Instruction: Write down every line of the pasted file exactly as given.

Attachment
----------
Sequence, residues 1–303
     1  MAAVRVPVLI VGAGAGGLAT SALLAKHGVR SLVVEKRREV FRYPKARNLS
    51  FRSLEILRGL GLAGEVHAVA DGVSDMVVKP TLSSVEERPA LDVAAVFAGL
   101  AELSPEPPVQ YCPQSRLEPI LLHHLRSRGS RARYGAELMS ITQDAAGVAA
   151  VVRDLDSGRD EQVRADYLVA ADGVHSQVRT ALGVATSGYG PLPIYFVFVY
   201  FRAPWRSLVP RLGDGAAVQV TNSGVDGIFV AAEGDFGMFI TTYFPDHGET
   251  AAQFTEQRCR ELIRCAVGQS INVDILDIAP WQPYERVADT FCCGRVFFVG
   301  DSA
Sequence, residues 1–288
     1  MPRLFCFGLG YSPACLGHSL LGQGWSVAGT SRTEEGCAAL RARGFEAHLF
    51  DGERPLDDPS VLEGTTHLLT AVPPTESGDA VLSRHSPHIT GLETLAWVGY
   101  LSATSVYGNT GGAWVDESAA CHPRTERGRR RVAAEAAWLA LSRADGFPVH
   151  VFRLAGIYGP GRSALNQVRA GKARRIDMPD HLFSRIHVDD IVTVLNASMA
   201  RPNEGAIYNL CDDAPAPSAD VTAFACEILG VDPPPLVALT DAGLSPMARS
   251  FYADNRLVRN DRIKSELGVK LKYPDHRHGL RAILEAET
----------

Sequence, residues 1–303
     1  MAAVRVPVLI VGAGAGGLAT SALLAKHGVR SLVVEKRREV FRYPKARNLS
    51  FRSLEILRGL GLAGEVHAVA DGVSDMVVKP TLSSVEERPA LDVAAVFAGL
   101  AELSPEPPVQ YCPQSRLEPI LLHHLRSRGS RARYGAELMS ITQDAAGVAA
   151  VVRDLDSGRD EQVRADYLVA ADGVHSQVRT ALGVATSGYG PLPIYFVFVY
   201  FRAPWRSLVP RLGDGAAVQV TNSGVDGIFV AAEGDFGMFI TTYFPDHGET
   251  AAQFTEQRCR ELIRCAVGQS INVDILDIAP WQPYERVADT FCCGRVFFVG
   301  DSA
Sequence, residues 1–288
     1  MPRLFCFGLG YSPACLGHSL LGQGWSVAGT SRTEEGCAAL RARGFEAHLF
    51  DGERPLDDPS VLEGTTHLLT AVPPTESGDA VLSRHSPHIT GLETLAWVGY
   101  LSATSVYGNT GGAWVDESAA CHPRTERGRR RVAAEAAWLA LSRADGFPVH
   151  VFRLAGIYGP GRSALNQVRA GKARRIDMPD HLFSRIHVDD IVTVLNASMA
   201  RPNEGAIYNL CDDAPAPSAD VTAFACEILG VDPPPLVALT DAGLSPMARS
   251  FYADNRLVRN DRIKSELGVK LKYPDHRHGL RAILEAET